Computational protocol: Change in Phylogenetic Community Structure during Succession of Traditionally Managed Tropical Rainforest in Southwest China

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Protocol publication

[…] We constructed a phylogenetic tree (, ) with the APGIII classification as a backbone for all the species in our study site using the program PHYLOMATIC v 4.0.1 . However, this tree was only resolved up to family level. To increase the resolution of this phylogeny we recovered rbcL (548–697 bp) sequences for 163 species from GenBank. For another 76 species in our dataset, for which no rbcL data was available, we assigned the rbcL sequence of the closest available congener. This is a reasonable approach since rbcL is a slowly evolving sequence and shows very little variation below the genus level , . Five species for which we found no rbcL sequences and which also had no congeneric relative with known rbcL sequence were excluded from the analysis. These five species were rare in the sampled communities, and should not bias our further analyses, especially as these individuals were not clustered into a particular phylogenetic lineage. Using the rbcL sequences, one most likely phylogenetic tree was built under the GTR model of evolution with a maximum likelihood approach using the software PAUP version 4 with 100 bootstrap replicates to assess node support. The phylogenetic hypothesis built with the rbcL gene was broadly consistent with the topology of the APG III phylogeny. In the rbcL tree, most families had a bootstrap node support >80. Below the family level, most of the genera appeared well resolved although with lower bootstrap support values. We then used the APGIII phylogeny as generated by PHYLOMATIC as our family level backbone phylogeny and resolved the within family phylogenetic classification by adding the results obtained from the rbcL phylogeny. Branch lengths and dated nodes for this megatree were obtained by applying the bladj algorithm of PHYLOCOM , with calibration ages from . [...] In order to standardize plot comparisons all diversity analyses described below were based on a fixed number (based on the plot with the fewest stems) of randomly selected individuals from each plot. This rarefaction procedure reduces the impact of sample size differences between plots on the diversity analyses . We calculated phylogenetic species variability (PSV), a measure of the phylogenetic relatedness of species within a community, of each plot based on species presence/absence and their phylogenetic relationships within the rarefied samples . Faith’s phylogenetic diversity (PD) of each plot was calculated as the sum of branch lengths of the subtending tree of the species present in the rarefied samples. We calculated phylogenetic species richness (PSR) for each plot by multiplying the number of species in the rarefied samples by their PSV value, and calculated phylogenetic species evenness (PSE) by incorporating relative species abundances within the rarefied samples into PSV . All these phylogenetic diversity indices were calculated by using PHYLOCOM and the R package picante .The phylogenetic similarity of the plant communities was assessed using Unifrac . UniFrac estimates the distance between communities as the fraction of the branch length of the phylogenetic tree that leads to descendants from either one environment or another, but not both. We used the resulting distance matrix to cluster environments using Jackknifed UPGMAwith R package picante .We calculated the abundance weighted net relatedness index (NRI) and nearest taxon index (NTI) of each plot to measure the phylogenetic dispersion (relatedness) of the co-occurring species by using PHYLOCOM . The NRI and NTI for each rarified sample were calculated as:(1)(2)Where MPD is the mean pairwise phylogenetic distance between all individuals in each rarified sample and MNTD is the mean phylogenetic distance for each individual to its nearest relative within each rarified sample. The MPDrandom and MNTDrandom are the mean MPD and mean MNTD from 999 randomly generated assemblages. An independent swap null model was used to generate these 999 random assemblages. For both NRI and NTI, values close to zero indicate random phylogenetic structures, positive values indicate clustered, while negative values indicate overdispersed community phylogenetic structures. […]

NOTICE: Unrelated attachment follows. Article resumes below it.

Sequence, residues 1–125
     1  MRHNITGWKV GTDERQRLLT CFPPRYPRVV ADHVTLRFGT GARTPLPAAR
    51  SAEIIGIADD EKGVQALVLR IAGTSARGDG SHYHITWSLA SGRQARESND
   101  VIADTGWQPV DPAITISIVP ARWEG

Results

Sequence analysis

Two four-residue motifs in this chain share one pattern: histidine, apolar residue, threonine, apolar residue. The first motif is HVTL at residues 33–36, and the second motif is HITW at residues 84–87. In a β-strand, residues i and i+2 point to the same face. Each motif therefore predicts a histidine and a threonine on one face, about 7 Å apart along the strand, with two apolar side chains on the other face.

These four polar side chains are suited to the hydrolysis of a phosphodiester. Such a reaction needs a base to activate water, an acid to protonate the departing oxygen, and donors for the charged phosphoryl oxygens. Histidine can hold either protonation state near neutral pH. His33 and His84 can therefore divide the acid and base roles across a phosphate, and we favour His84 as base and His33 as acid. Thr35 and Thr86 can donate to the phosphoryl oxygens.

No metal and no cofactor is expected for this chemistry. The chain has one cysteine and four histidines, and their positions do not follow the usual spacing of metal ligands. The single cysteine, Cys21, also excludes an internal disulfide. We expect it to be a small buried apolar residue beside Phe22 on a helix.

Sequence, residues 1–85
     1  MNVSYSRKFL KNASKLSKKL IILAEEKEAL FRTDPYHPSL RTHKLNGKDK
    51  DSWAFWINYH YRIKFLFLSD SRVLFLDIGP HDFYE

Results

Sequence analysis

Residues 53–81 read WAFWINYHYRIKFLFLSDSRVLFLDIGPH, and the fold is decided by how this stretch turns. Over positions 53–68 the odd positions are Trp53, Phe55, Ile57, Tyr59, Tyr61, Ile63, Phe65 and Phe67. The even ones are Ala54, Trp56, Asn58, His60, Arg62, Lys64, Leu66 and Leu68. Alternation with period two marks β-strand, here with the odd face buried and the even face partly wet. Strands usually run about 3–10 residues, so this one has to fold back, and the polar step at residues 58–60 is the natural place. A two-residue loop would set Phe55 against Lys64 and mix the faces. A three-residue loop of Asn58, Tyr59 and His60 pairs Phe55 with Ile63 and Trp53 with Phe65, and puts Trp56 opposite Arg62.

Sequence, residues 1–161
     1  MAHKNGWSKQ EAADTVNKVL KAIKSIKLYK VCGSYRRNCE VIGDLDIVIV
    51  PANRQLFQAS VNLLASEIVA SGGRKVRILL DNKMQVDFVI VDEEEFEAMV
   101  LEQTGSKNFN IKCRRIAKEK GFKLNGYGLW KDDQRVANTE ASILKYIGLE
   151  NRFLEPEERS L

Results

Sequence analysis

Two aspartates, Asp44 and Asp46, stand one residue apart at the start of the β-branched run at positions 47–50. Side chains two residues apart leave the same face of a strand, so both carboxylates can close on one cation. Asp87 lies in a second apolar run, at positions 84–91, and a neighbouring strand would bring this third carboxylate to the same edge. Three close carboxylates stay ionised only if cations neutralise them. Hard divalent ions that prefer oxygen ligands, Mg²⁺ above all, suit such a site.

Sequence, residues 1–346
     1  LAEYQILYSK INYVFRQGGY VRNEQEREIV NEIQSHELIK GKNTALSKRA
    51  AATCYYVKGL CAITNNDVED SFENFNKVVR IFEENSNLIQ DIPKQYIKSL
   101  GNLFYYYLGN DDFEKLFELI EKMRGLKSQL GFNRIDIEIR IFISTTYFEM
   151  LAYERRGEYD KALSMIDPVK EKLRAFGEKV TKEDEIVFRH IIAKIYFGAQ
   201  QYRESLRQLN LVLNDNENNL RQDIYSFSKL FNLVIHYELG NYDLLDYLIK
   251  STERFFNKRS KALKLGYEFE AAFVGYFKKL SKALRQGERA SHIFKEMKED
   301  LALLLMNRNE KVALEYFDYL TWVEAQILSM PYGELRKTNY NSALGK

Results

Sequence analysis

Pipeline specifications

Software tools Phylomatic, PAUP*, Phylocom, Picante, UniFrac
Applications Phylogenetics, 16S rRNA-seq analysis
Organisms Homo sapiens